After being arrested, the defendants were taken to Huntley's one-room police station. The defendants were given their Miranda warnings, after which they made some incriminating statements which were testified to at trial by Officer Donald McKeating. According to Officer McKeating, the defendants stated that they had flipped a coin to decide who would do the shooting and that Cannes won. Powell is reported to have claimed that if he had won there would have been four dead people. Officer McKeating's testimony was largely corroborated by that of Officer Donald Thomas. While the defendants were being questioned, several patrons of Coleman's Tap were milling in and about the police station, including Mr. Smith, who got into some sort of argument with the defendants.

On September 3, 1974, a McHenry County grand jury handed down a seven-count indictment against the defendants. Count I of the indictment charged each defendant with the attempt murder of Bennie Smith. Count II charged the defendants with the attempt murder of Silas Christian, a companion of Mr. Smith. Counts III and IV charged the defendants with armed violence toward the same men. Counts V and VI charged the defendants with the aggravated assault of Messrs. Smith and Christian. Count VII was the unlawful use of weapons charge.

The defendants were brought to trial on April 8, 1976, some 19 months after the indictment was handed down. However, at no time had the defendants made a demand for a speedy trial pursuant to section 103-5 of the Code of Criminal Procedure of 1963 (Ill. Rev. Stat. 1975, ch. 38, par. 103-5). In its case, the State presented the testimony of two members of Mr. Smith's party, who testified that they were in fear of their safety upon hearing the shots, and the testimony of two Huntley police officers who witnessed the shootings. Both officers testified that from the flashes of the discharging gun, they could tell the shots were fired in the general direction of the tavern from which Mr. Smith and his party were exiting. The State also presented photographic evidence of fresh damage to the building which it alleged was caused by the bullets from the .357 magnum.

• 1 The first of the defendants' nine contentions is that the delay of 19 months between the date they were indicted and the date they were brought to trial violated their constitutional right to a speedy trial. Inasmuch as the defendants failed to demonstrate that they were prejudiced by the delay, we hold that the defendants were not denied their constitutional right to a speedy trial.

We begin our discussion of this issue by noting that the defendants did not make a demand for a speedy trial pursuant to section 103-5 of the Code of Criminal Procedure of 1963 (Ill. Rev. Stat. 1975, ch. 38, par. 103-5). Therefore, that statutorial right does not come into play here. People v. Wyatt (1977), 47 Ill. App.3d 686, 365 N.E.2d 373.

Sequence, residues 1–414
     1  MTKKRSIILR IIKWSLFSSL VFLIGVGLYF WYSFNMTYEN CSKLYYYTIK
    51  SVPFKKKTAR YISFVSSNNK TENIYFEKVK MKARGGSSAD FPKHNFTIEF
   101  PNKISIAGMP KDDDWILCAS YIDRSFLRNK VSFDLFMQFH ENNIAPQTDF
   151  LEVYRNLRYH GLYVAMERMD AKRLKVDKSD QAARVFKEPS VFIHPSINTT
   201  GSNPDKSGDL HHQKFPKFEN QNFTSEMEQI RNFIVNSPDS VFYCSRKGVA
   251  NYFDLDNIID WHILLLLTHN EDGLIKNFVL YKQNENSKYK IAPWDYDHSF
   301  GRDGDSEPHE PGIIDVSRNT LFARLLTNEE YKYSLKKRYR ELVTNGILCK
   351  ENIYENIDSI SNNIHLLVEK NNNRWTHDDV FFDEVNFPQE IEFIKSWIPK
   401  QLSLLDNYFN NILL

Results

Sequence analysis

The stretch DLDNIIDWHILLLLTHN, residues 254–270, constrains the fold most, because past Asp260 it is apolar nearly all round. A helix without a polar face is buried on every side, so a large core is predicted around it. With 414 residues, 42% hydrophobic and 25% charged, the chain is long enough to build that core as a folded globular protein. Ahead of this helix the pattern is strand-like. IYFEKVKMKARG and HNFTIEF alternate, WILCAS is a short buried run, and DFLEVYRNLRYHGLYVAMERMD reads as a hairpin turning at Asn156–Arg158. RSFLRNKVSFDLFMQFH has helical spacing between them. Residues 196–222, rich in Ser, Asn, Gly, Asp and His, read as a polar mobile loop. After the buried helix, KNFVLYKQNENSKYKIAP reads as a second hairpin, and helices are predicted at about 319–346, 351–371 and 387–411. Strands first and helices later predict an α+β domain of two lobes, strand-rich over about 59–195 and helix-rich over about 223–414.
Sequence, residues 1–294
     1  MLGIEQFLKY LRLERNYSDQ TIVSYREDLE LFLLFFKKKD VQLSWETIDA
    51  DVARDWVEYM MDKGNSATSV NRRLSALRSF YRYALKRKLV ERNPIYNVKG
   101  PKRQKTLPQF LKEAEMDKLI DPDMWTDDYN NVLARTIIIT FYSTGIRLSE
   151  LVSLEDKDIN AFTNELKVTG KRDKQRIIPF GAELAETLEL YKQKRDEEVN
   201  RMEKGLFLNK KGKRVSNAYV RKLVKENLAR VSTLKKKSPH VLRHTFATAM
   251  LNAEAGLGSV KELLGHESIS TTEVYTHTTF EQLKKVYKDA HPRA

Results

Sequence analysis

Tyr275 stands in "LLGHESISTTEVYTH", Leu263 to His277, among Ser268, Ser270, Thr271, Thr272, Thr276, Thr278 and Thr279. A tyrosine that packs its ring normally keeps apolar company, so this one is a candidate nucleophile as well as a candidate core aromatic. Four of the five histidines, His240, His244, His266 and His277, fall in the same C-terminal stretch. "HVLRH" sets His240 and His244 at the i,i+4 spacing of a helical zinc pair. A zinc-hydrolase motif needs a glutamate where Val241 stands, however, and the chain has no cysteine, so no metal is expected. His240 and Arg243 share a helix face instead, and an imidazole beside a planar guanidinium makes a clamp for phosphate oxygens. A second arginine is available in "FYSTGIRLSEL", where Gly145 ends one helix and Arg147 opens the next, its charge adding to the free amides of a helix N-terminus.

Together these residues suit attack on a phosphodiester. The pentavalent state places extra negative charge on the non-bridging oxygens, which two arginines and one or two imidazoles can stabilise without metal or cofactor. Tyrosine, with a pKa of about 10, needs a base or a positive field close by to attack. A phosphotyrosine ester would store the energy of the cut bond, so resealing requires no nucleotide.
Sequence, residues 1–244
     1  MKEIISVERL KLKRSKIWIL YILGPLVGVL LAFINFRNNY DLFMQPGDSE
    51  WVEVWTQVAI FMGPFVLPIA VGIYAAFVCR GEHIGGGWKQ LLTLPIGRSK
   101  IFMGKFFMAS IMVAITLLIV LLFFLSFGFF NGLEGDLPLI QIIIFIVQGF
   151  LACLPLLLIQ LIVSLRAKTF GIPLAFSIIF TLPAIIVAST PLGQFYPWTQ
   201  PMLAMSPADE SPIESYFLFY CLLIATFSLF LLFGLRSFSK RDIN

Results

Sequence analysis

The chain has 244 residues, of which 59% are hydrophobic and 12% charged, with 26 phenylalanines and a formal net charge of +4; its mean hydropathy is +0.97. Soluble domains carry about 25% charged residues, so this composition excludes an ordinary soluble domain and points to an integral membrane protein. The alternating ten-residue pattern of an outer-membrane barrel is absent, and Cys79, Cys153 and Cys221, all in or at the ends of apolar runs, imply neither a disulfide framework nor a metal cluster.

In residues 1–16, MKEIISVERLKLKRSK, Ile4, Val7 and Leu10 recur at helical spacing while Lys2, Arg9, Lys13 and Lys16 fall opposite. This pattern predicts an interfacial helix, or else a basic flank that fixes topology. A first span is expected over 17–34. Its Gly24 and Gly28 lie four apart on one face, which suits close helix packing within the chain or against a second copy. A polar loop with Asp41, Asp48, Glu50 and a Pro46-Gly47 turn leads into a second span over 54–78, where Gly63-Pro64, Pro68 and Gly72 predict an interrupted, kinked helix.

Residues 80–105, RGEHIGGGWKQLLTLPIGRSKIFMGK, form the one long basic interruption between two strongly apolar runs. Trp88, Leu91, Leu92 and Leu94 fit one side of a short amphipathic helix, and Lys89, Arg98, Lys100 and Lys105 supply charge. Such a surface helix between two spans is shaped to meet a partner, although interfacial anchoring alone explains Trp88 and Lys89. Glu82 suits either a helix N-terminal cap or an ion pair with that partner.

• 2 In making a determination of whether or not a defendant's constitutional right to a speedy trial has been violated, a balance must be struck between the State's right to prosecute and the defendant's right to a speedy trial. Among the factors to be considered in balancing these conflicting rights are the length of the delay, the reasons for the delay, and the resulting prejudice to the defendant. (Barker v. Wingo (1972), 407 U.S. 514, 33 L.Ed.2d 101, 92 S.Ct. 2182.) In the case at hand, the sole offered explanation for the long delay in bringing the defendants to trial was the crowded condition of the court's calendar. Furthermore, the defendants do not claim that the delay prejudiced in any way their ability to present their defense. The sole basis for their contention that they were denied their constitutional right to a speedy trial is the length of the delay. While we do not condone the 19-month delay involved in the case at hand, we do not find it to be sufficient in and of itself to constitute a violation of the defendants' constitutional right to a speedy trial.

Secondly, the defendants contend that their inculpatory statements were obtained in violation of their constitutional rights as enunciated by the United States Supreme Court in Miranda v. Arizona (1966), 384 U.S. 436, 16 L.Ed.2d 694, 86 S.Ct. 1602. The basis of this contention is the fact that while the defendants were being questioned by the police, several patrons of Coleman's Tap, including Mr. Smith, were permitted to mill in and about the one-room Huntley police station. This, the defendants argue, created such a coercive environment as to make the waiver of their Miranda rights involuntary. We disagree.

• 3 The question of the voluntariness of an inculpatory statement is for the trial court to determine upon a consideration of the totality of the surrounding circumstances. (People v. White (1977), 48 Ill. App.3d 907, 363 N.E.2d 408.) In making such a determination the trial court need not be convinced beyond a reasonable doubt that the statement was voluntarily made. (People v. Charboneau (1977), 46 Ill. App.3d 686, 361 N.E.2d 125.) Furthermore, the trial court's determination of the admissibility of a statement will not be reversed on review unless it is contrary to the manifest weight of the evidence. (In re Lamb (1975), 61 Ill.2d 383, 336 N.E.2d 753, cert. denied (1976), 425 U.S. 938, 48 L.Ed.2d 180, 96 S.Ct. 1672.) Upon reviewing the record, we are convinced that there was ample evidence to support the trial court's decision to admit the statements into evidence. While undoubtedly it would have been better police procedure to have questioned the defendants while they were ...